The Mac Flashback Trojan horse was still installed on more than half a million Apple computers late last week and is declining only slowly, Russian security company Dr. Web claims.
Contrary to reports by several security companies, the Flashback botnet is not shrinking, according to the Russian antivirus firm that first reported the massive infection.
A large spam campaign observed on Twitter during the last couple of days directed users to malicious websites that exploited vulnerabilities in browser plug-ins to infect their computers with rogue antivirus programs.
Mozilla this week began blocking outdated versions of a Java plug-in in Firefox for some Mac users after calling the threat posed by the Flashback malware "evident and imminent."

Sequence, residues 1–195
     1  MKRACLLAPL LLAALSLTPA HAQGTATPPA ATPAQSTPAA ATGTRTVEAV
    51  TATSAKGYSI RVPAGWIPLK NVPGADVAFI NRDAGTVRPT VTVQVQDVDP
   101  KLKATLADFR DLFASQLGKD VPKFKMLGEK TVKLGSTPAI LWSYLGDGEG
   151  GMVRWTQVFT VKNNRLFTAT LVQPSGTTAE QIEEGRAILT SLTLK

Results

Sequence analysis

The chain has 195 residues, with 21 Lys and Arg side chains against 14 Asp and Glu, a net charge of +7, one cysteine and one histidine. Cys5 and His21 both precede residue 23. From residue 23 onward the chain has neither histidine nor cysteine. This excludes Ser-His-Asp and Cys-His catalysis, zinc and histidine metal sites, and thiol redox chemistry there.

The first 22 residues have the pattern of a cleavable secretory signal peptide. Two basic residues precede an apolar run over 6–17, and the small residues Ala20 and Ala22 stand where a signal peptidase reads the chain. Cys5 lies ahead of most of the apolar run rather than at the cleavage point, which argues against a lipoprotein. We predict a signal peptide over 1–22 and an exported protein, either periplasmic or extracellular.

Fear your Mac has the Flashback malware installed, but you aren't running Java? You'll want to grab Apple's standalone removal tool.
The Department of Justice threw the book at Apple. Apple and several others threw their technical resources up against the Flashback virus. And Lex Friedman threw together this very edition of the Weekly Wrap, highlighting our most interesting and important stories from the past week.
Kaspersky Lab said late Thursday it had fixed the problems that caused it to suspend the Flashflake Removal Tool earlier in the day; meanwhile, security company Norton unveiled its own Flashback detection and removal tool, available for free download.
As promised, Apple has released a tool to remove Flashback from infected Macs.
Kaspersky Lab on Thursday suspended distribution of its tool to remove the Flashback malware attacking Mac computers, saying the tool itself was making unacceptable alterations to user computers. A replacement is expected soon.